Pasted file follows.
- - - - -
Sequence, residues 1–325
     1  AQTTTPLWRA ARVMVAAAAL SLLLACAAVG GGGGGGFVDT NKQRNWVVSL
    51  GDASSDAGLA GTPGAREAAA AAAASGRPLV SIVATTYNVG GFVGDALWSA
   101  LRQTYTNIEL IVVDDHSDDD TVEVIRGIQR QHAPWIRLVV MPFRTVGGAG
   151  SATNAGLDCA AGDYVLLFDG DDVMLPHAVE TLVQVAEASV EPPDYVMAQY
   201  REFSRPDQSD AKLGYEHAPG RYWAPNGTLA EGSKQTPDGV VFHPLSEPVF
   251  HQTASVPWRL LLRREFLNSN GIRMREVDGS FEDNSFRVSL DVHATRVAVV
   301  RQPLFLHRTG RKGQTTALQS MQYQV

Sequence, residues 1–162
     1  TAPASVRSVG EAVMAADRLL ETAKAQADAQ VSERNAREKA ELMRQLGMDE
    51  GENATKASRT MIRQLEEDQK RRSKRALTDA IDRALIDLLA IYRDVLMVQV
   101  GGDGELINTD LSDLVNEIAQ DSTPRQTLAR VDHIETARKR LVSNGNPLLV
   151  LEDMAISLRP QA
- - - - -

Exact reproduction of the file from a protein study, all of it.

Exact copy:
Sequence, residues 1–325
     1  AQTTTPLWRA ARVMVAAAAL SLLLACAAVG GGGGGGFVDT NKQRNWVVSL
    51  GDASSDAGLA GTPGAREAAA AAAASGRPLV SIVATTYNVG GFVGDALWSA
   101  LRQTYTNIEL IVVDDHSDDD TVEVIRGIQR QHAPWIRLVV MPFRTVGGAG
   151  SATNAGLDCA AGDYVLLFDG DDVMLPHAVE TLVQVAEASV EPPDYVMAQY
   201  REFSRPDQSD AKLGYEHAPG RYWAPNGTLA EGSKQTPDGV VFHPLSEPVF
   251  HQTASVPWRL LLRREFLNSN GIRMREVDGS FEDNSFRVSL DVHATRVAVV
   301  RQPLFLHRTG RKGQTTALQS MQYQV

Sequence, residues 1–162
     1  TAPASVRSVG EAVMAADRLL ETAKAQADAQ VSERNAREKA ELMRQLGMDE
    51  GENATKASRT MIRQLEEDQK RRSKRALTDA IDRALIDLLA IYRDVLMVQV
   101  GGDGELINTD LSDLVNEIAQ DSTPRQTLAR VDHIETARKR LVSNGNPLLV
   151  LEDMAISLRP QA